December 17, 2014

2014: the year 50 libraries closed in Britain


This library has probably closed now.

This library has probably closed now.

A new report issued by the Chartered Institute of Public Finance and Accountancy (CIPFA) has revealed that almost 50 libraries were closed in Britain this year.

The Bookseller reported the findings of the report released on Friday that looked at library closures, visits, and changes to lending and borrowing in libraries big and small across the country.

The study painted a bleak picture for libraries in Britain, but not a surprising one. Library closures have become commonplace as central government has cut funds to local councils, who in turn have cut funds to libraries in order to make vital savings. Between 2012-13 the UK had 4,194 libraries and 4,145 in 2013-14, a loss of 49 libraries and 1.2% decrease.

Since the coalition government has been in power the country has lost 337 libraries in total.

The effects of cut-backs can be seen throughout the report, in these key areas:


Visits to libraries and book loans have also fallen over the same period. Library visits in 2012-13 stood at 288m, which has dropped 2% to 282m in 2013-14.


The number of books lent has also fallen, dropping 6% from 262m last year to 247m in the past year.

What’s more, in the past five years, there’s been a 20% drop in book loans. And this fall has also affected children’s books, which are usually a growth area: the borrowing of children’s fiction saw a 2.6% decrease, and non-fiction saw a pretty similar fall in numbers. The decline of borrowing could be due to less-favourable opening hours (many local libraries have cut their opening times just so they can carry on opening at all), or due to a reduction in resources.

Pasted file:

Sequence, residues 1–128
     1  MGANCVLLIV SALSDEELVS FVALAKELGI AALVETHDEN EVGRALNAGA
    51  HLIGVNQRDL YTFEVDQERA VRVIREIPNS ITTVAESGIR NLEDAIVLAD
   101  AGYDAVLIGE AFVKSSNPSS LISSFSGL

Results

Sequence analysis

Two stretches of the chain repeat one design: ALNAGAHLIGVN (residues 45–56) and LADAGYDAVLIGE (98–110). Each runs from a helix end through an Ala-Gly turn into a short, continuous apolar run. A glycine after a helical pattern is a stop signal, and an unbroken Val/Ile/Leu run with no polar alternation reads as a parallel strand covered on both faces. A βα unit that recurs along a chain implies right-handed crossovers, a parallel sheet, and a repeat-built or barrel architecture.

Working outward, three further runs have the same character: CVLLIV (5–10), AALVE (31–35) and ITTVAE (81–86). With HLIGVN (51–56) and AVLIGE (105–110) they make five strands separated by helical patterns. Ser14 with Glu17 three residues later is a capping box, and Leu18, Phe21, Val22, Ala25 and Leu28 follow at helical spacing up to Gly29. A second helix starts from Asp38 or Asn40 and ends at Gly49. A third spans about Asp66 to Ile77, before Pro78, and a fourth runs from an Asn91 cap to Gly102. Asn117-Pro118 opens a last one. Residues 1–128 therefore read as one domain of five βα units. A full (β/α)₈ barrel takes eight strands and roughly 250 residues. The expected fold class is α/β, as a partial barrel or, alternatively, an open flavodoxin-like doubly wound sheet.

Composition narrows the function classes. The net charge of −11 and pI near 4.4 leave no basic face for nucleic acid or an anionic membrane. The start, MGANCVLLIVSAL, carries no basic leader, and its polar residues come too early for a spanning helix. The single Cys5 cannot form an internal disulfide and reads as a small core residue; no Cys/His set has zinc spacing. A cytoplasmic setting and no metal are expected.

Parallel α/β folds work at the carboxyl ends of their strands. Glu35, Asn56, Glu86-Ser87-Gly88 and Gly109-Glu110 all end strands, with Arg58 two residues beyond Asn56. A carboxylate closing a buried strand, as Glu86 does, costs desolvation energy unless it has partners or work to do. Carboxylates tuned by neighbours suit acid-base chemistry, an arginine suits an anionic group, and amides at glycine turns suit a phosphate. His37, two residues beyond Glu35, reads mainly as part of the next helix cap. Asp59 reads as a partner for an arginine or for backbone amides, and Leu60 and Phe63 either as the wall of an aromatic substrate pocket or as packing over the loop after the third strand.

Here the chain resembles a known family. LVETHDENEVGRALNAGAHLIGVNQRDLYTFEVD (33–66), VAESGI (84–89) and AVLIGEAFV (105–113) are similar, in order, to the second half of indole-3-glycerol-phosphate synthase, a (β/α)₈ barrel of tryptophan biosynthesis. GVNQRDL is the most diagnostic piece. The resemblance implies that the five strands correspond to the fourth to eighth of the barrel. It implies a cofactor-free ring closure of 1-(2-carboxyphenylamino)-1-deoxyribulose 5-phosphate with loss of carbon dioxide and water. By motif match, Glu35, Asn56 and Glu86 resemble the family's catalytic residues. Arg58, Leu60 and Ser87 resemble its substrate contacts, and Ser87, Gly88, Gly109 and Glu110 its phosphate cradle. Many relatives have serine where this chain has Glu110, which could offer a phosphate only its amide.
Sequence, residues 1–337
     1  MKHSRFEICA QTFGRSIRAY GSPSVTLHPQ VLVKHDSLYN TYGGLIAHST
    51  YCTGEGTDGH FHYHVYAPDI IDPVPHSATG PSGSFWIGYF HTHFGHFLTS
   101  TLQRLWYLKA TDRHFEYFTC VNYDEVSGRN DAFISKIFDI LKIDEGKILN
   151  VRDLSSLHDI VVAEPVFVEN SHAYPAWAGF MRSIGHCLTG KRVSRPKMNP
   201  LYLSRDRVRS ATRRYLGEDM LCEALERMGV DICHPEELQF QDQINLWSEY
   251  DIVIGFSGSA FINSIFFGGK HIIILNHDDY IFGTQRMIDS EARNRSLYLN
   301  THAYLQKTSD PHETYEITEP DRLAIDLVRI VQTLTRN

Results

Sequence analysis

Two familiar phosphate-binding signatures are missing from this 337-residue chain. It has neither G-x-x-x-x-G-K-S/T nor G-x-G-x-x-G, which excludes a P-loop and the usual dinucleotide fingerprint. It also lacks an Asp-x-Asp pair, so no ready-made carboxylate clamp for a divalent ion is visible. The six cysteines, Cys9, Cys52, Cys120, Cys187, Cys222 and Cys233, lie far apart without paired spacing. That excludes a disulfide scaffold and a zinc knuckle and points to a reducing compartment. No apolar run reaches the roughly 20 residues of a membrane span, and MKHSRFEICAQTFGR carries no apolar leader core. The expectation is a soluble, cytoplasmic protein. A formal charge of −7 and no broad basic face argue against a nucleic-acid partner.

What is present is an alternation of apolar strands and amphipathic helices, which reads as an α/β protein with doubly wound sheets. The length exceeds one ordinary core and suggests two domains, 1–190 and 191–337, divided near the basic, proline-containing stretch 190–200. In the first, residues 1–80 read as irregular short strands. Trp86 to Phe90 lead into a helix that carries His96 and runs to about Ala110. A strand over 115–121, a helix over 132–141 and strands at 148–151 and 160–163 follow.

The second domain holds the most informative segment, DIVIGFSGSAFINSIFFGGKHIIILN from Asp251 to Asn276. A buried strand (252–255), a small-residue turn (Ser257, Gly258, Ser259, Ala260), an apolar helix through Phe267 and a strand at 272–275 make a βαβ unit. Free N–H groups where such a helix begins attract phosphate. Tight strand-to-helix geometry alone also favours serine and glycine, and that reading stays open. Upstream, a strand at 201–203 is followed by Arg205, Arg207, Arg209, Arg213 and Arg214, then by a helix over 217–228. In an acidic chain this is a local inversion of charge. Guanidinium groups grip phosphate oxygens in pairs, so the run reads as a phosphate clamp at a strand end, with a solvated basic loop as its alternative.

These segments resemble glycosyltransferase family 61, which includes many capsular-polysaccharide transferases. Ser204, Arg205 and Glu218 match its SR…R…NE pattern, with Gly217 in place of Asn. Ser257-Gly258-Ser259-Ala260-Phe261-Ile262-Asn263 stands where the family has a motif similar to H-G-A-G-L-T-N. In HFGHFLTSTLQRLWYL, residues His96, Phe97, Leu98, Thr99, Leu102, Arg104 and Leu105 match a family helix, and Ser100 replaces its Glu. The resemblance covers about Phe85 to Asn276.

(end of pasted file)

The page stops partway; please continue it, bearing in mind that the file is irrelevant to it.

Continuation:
But there was one notable rise: the number of volunteers working in libraries. The number of volunteers increased by 5.9%, and in the past five years (or since the coalition government came to power) the number has increased by 100%. Of course, this reflects a decrease in paid staff.


Paid staff members decreased significantly, with the number of full-time equivalent staff going from 20,302 last year, to 19,308, a fall of nearly 5%.

Back before the coalition government there were “24,746 full-time equivalent staff, meaning there has been a decline of 22% since that time.”

The report was published at the same time as Birmingham’s beautiful library, which was newly opened last year, announced it would be reducing its opening hours, cutting around 100 jobs and spending less on new books.

These changes to Europe’s biggest civic library are showing up the government and its attitude to libraries over the past five years; the CIPFA report shows us that our libraries are vulnerable and unprotected, and in desperate need of saving.




Zeljka Marosevic is the managing director of Melville House UK.